Anne spoke with Richard Arey, long-time director of the St Paul Bike Classic and the Mankato River Ramble. These are extremely popular, non-competitive bike events for people of all ages and abilities. They benefit the Bicycle Alliance of Minnesota. Check them out at www.bikeclassic.org and www.bikeriverramble.org.
Anne: How popular is biking?
Richard: It continues to grow and to move in new directions. This year we will be up again with about 6,500 people riding in the St. Paul Bike Classic. Minnesota is ahead of the curve being the #2 bike-friendly state in the nation. An interesting trend is that the Minnesota high schools are creating cycling leagues. They are creating a mountain bike sport for kids that aren't into ball sports. They’ve had great success in CA and great response here. Next year is the first official season.
Anne: What other trends are you seeing?
Richard: There are lots of new NICE ride bike sharing stations, that’s new. We are one of the leaders on that where you can rent a bike right off the street with a credit card. We’re a couple years ahead of NYC on that, beating the east coast trends. Blue Cross/Blue Shield is a major sponsor of these bike stations.
For the Bike Classic, we are getting more people interested in a scenic longer route. The short routes are also popular so this year we’ll have 15, 30 and 41 miles options. Half of our riders are women.
Anne: What about commuting? I’m noticing more and more people on the roads, and lots of people using the dedicated bike lanes. Everybody is biking.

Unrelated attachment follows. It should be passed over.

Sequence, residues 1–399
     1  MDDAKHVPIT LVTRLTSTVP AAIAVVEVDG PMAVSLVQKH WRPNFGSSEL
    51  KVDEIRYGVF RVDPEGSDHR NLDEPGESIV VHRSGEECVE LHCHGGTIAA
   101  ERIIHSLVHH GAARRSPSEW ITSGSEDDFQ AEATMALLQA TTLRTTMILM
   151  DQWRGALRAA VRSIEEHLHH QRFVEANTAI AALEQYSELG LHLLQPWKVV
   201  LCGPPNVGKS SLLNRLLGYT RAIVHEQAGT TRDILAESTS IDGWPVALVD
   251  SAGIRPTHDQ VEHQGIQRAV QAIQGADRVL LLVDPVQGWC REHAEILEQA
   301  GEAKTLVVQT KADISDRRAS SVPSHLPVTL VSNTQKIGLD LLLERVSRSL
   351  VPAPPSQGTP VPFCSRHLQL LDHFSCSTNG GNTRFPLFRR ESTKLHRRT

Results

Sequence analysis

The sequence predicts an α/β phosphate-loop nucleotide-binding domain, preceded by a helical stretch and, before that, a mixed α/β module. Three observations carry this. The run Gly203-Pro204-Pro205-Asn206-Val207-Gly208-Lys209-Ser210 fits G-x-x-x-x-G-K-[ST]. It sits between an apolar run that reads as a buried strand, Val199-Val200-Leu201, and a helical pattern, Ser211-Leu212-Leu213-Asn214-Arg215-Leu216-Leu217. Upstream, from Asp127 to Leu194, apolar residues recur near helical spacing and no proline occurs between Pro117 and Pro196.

Richard: I’m especially noticing younger people commuting than ever before, seriously using bikes for transportation. I’m also noticing more independent bike shops opening up. I think that’s great because it is important when you are buying a bike to have it fitted to your body by a skilled bike technician.
Anne: Any other trends out there?
Richard: Unfortunately, I’m still seeing a fair number of people biking without helmets. Equipment is getting more high tech all the time, and color is everywhere. A wacky trend are the single speed bikes that don’t have gears and maybe no brakes! You literally have to be pedealing all the time—it’s for young people! High end bicycles are the real trend. People that are retiring and have money are spending $2-3,000 on a beautiful bike.
Anne: Any advice on what to wear?
Richard: At the Living Green Expo they had a bicycle fashion show, but anything loose and comfortable works!